Getting to know the plants on the trail

Alberta Agriculture calls them range plants—”the native and introduced plant species” in the rangelands, including “grasses, sedges, forbs (e.g. weeds and flowers), shrubs and even trees.” In a recently updated report, the department explains that “[r]angelands provide an important source of forages for domestic and native animals as well as protection to the soil and watersheds.”

The report lists more than 250 species with their common names, latin names,  origin (native or introduced), “grazing response”, and forage value. Grazing response is the reaction a species has to continuous defoliation, i.e. grazing and damage from being trampled on.

Early blue violet
Early blue violet: junk food of the pasture?

We encounter range plants all the time on the Waskahegan Trail. To those of us who are plant lovers (and there are a lot of us) the report is fascinating reading. Did you know that the young leaves of the chokecherry are poisonous to the foraging animals? Or that the early blue violet, which looks so delicious, is nutritionally poor?

You can find the report here.

The Secret Dark Side of the Waskahegan Trail

The Waskahegan Trail presents unique opportunities for us to surround ourselves in trees, flowers, wildlife, and interesting geological formations, all within an hour’s drive at the most. You may even be one of those people who enjoy rising early to take in a hike.

It might surprise you to know about another unique environment available to us—after sunset!

Here in our area we have an almost rare opportunity to easily observe stars and planets on any clear evening. The Beaver Hills area is one of just thirteen areas in Canada designated as a Dark Sky Preserve. This designation by the Royal Astronomical Society of Canada (RASC) means it is “an area in which no artificial lighting is visible and active measures are in place to educate and promote the reduction of light pollution to the public and nearby municipalities.” The Beaver Hills Dark Sky Preserve covers all of Elk Island Park and the entire Beaver Hills area, including the Blackfoot Recreational Area.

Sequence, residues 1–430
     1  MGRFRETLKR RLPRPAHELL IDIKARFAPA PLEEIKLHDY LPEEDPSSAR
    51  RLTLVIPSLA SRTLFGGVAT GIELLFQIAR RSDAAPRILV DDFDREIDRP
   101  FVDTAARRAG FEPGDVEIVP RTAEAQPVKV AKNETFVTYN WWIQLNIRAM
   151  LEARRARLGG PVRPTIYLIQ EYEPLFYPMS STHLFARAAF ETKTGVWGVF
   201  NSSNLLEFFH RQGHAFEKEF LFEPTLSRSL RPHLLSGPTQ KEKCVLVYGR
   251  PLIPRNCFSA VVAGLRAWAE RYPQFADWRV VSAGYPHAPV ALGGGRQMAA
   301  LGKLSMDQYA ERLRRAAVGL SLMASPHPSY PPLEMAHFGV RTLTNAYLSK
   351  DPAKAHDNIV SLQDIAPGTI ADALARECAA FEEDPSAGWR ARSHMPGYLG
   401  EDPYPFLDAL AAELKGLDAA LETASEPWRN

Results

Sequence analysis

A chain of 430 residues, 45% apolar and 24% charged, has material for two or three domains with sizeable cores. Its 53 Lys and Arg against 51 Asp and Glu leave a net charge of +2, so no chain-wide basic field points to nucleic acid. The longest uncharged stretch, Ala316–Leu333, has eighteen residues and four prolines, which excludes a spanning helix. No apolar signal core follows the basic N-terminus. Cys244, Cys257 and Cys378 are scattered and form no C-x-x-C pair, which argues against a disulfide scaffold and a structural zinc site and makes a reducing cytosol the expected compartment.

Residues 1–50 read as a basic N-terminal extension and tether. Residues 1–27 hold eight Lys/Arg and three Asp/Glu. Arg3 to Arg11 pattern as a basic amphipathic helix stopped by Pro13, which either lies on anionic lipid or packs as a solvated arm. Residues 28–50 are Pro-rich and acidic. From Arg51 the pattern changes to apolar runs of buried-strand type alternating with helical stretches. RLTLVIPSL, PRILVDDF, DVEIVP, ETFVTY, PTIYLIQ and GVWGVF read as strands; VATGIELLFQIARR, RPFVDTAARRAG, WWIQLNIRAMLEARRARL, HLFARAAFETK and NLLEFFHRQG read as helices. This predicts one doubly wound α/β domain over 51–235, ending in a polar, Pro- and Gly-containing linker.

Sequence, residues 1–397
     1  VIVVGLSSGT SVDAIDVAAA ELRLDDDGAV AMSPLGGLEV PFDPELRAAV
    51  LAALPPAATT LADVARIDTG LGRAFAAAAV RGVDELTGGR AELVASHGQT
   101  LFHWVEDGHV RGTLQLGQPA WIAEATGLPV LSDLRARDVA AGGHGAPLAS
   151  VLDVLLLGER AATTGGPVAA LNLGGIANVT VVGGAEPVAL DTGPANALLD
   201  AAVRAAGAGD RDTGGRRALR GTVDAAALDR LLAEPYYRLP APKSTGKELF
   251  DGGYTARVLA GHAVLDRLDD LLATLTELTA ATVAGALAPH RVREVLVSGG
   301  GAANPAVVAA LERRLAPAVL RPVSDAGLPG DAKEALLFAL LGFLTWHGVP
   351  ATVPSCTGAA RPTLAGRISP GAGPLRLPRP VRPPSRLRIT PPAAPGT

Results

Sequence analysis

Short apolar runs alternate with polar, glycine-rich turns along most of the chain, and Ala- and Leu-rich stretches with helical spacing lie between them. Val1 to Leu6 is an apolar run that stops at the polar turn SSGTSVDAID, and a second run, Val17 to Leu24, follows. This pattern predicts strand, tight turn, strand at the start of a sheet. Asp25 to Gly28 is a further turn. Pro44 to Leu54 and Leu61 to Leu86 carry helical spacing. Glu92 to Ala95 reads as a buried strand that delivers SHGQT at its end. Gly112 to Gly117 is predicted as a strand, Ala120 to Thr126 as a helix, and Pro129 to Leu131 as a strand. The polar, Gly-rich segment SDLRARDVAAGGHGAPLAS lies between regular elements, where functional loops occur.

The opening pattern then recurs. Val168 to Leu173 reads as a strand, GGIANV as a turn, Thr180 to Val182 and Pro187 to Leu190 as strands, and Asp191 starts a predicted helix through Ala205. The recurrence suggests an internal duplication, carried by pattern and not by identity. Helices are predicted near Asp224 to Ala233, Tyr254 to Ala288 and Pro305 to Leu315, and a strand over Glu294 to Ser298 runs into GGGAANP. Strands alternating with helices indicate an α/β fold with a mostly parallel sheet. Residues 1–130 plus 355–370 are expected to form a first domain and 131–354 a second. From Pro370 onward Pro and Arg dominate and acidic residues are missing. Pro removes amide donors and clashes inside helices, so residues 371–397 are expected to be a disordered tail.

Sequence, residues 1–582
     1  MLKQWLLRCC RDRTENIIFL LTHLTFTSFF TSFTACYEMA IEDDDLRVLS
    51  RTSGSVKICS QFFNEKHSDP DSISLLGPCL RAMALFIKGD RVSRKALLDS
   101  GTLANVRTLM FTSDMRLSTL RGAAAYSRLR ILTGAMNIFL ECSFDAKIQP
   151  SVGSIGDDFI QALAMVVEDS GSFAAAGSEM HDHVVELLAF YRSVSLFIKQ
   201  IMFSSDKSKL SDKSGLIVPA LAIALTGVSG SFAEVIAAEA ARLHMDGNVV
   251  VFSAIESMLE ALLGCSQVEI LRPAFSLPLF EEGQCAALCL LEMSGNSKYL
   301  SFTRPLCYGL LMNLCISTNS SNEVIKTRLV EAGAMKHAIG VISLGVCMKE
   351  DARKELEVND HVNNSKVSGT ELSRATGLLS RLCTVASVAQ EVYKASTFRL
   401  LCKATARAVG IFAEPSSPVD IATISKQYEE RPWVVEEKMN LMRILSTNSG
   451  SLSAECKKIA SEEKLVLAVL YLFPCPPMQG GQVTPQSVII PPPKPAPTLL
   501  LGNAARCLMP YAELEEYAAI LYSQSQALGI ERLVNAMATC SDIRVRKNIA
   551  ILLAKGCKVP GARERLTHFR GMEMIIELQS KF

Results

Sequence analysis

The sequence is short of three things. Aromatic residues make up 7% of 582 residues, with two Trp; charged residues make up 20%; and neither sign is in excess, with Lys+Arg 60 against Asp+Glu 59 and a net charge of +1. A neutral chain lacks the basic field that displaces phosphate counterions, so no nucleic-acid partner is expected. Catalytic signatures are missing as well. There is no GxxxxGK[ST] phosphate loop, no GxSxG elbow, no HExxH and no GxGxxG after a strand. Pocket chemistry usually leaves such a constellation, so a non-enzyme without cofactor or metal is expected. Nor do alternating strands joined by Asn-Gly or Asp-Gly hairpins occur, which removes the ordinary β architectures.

We are grateful to WTA member Rod Wasylishen for informing us that the RASC Edmonton Centre has a special viewing site at the Blackfoot Staging Area  (travel southeast of the Ukrainian Village from Highway #16 east of Edmonton, or see page 89 of the Waskahegan Trail Guide Book).

On weekends closest to New Moon, you will likely encounter RASC members at the site, personally observing with their own equipment. If you decide to go, please visit their main dark site page first and pay close attention to etiquette. It takes half an hour to get eyes fully dark adapted. If you come in with headlights on, or start snapping selfies, you will not be welcome.

If you are not comfortable with driving without headlights and the other etiquette guidelines, remember that the Dark Sky Preserve is a huge area. As Rod notes, “One can go anywhere in Elk Island Park or the Cooking Lake Blackfoot Provincial Recreation Area for much better viewing conditions than we have in the city.”

If you end up visiting this rare secret world of night sky viewing, send us a comment. We’d love to hear about it.